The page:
How the Iowa caucuses fell apart and tarnished the vote

Image: Democrats Caucus In Iowa As The 2020 Presidential Nominating Process
Officials from the 68th caucus precinct overlook the results of the first referendum count during a caucus event on Feb. 3, 2020 at Drake University in Des Moines, Iowa. Copyright Tom Brenner Getty Images file
By Maura Barrett and Ben Popken with NBC News Politics
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The finger-pointing between the national and state Democratic parties goes on as voters are left out in the cold.


The path to the Iowa caucus meltdown was paved with good intentions.

Democratic party leaders wanted to bridge the caucus to the 21st century, keeping the core of its public and neighborly traditions while making it more inclusive and streamlined. But the technology they turned to, and its mismanagement and miscommunication, were their undoing.

Now what should have been the party's first step toward unifying behind a nominee to challenge Trump has become a stumble, spreading doubt and division, and leaving ordinary voters to wonder whether the party leaders and process they trusted has left their voices unheard.

It's been 16 days since Iowans performed their familiar democratic routine, and the results still aren't final. The state's Democratic Party chairman, Troy Price, has stepped down and, with another caucus in Nevada looming Saturday, skeptics wonder if such voting should be abolished altogether.

"Iowa went off so badly, I fear that with any new or realigned 'early state' order, we may get left out," Kedron Bardwell, a resident of Indianola, Iowa, and political scientist at Simpson University, told NBC News.

He added that the outcome of Nevada's process "is key to whether Iowa is affected or if it's part of a new discussion of the total role and representativeness and access of the caucus system."

Even now, the results of the recanvass that both Pete Buttigieg and Bernie Sanders' campaigns asked for put the two candidates in a virtual tie. The fight is over a single national delegate, which could prove essential if the race comes down to a brokered convention.

From the beginning, caucus technology seemed like a solution in search of a problem.

Virtual caucus proposal was the canary in a coal mine

After the 2016 election, the Democratic National Committee made it clear that a primary was preferred over a caucus because primaries are more straightforward and accessible to voters; seven states switched from a caucus to some sort of primary for 2020. But for a state to keep holding a caucus, the DNC required that the process be more accessible.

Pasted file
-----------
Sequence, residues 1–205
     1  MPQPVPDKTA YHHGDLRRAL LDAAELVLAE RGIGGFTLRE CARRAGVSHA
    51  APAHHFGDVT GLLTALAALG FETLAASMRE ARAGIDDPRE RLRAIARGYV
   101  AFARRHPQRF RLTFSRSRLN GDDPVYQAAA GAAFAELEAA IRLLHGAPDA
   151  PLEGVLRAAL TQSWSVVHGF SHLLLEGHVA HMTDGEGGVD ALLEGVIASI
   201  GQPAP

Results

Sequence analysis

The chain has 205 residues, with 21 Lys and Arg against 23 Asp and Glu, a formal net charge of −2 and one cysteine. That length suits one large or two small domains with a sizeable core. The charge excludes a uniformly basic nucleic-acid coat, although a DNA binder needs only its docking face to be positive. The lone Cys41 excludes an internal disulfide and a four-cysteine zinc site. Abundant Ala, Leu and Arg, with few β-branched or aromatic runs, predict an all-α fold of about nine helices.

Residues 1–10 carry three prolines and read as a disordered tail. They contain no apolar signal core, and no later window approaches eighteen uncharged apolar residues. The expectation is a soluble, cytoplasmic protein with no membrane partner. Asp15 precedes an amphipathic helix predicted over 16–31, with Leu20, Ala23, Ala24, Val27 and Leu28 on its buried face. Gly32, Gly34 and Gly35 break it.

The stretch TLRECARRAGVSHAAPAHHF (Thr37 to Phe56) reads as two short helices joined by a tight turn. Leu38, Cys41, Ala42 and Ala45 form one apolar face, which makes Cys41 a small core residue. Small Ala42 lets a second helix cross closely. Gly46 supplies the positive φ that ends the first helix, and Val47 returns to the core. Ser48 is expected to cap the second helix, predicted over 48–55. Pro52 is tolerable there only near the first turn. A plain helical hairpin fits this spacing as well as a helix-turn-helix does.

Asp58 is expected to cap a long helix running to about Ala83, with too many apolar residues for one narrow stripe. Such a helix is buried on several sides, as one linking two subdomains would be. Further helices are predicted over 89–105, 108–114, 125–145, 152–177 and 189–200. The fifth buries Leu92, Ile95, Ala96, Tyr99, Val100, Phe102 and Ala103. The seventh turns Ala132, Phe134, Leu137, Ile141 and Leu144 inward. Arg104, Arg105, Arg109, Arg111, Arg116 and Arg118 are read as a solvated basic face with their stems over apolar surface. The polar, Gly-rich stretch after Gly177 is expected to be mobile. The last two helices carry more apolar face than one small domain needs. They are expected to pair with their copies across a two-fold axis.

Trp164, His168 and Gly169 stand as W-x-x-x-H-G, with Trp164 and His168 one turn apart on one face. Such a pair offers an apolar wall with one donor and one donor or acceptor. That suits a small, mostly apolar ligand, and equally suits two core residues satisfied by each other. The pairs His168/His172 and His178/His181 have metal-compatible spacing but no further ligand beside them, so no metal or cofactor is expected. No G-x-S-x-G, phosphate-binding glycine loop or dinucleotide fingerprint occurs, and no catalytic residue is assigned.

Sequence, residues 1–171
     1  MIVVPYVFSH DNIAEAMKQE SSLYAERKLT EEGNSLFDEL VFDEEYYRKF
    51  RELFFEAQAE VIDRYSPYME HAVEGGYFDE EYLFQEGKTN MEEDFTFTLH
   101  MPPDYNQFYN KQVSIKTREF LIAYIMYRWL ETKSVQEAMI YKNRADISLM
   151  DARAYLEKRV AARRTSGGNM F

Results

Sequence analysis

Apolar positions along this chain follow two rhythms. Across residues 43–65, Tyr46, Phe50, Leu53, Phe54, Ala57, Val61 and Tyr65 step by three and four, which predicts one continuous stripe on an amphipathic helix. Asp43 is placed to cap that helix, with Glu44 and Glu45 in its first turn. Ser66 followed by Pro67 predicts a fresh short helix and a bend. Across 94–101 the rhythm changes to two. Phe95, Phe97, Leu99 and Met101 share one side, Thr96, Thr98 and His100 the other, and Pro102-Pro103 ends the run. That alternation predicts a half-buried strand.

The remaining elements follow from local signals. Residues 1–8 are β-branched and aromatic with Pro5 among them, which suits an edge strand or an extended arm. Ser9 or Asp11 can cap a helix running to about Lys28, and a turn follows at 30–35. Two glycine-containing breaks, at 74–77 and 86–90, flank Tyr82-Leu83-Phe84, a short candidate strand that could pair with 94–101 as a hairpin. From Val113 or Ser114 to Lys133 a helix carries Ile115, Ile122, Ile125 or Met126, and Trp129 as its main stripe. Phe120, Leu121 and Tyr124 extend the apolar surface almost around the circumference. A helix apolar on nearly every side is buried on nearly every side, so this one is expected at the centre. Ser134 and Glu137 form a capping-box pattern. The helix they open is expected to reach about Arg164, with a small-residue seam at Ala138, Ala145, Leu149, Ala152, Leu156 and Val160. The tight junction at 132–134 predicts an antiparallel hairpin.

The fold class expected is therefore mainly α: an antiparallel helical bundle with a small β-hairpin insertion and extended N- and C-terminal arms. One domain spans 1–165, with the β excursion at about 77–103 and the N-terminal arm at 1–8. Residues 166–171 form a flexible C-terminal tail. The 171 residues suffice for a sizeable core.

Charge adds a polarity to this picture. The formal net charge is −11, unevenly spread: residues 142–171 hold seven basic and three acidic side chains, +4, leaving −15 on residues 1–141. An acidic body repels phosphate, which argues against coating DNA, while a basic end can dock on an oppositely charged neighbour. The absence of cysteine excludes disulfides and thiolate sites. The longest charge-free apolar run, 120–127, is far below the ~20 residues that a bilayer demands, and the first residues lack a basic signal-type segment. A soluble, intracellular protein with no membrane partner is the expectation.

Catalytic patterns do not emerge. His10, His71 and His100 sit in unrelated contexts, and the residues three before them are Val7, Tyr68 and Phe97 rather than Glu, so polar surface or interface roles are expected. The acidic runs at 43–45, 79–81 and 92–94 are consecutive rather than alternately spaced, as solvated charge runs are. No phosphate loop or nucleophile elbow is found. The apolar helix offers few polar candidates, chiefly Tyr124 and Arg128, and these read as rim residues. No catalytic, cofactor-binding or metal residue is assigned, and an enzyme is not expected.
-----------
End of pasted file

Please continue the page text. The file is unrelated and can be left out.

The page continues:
So, the Iowa Democrats went down a technological path, proposing a virtual caucus: give voters who could not physically be at a caucus site the night of Feb. 3 the option of calling to make their selection instead.

Iowa state Sen. Jack Hatch assembled the team that worked to develop the platform to be used in the virtual caucus, a newer technology. Hatch said the DNC was involved from the beginning.

The Iowa Democrats proposed their plan for the virtual caucus in February 2019. The DNC encouraged them to move forward with the proposal, with what seemed like ample time to the Iowa Democrats to create a sound product. Seven months of development later, the DNC Rules & Bylaws Committee unexpectedly canceled their approval for the virtual caucus due to security concerns — a canary in the coal mine of sorts for what would come in the new year come caucus night.

Hatch detailed multiple conference calls between the DNC and the Iowa Democratic Party to link up on security, adding that the coordination started to slow down in August. Reports that the DNC planned to officially deny the virtual caucus came on Aug. 30 — the date the committee received a memo from its chief security the technology officers recommending that committee cancel the approval.

Catherine Crist, the chair of the Iowa Democratic Party's disability caucus, had been working to make the Iowa caucuses more accessible for 20 years. She was devastated when the plug was pulled from the virtual caucus.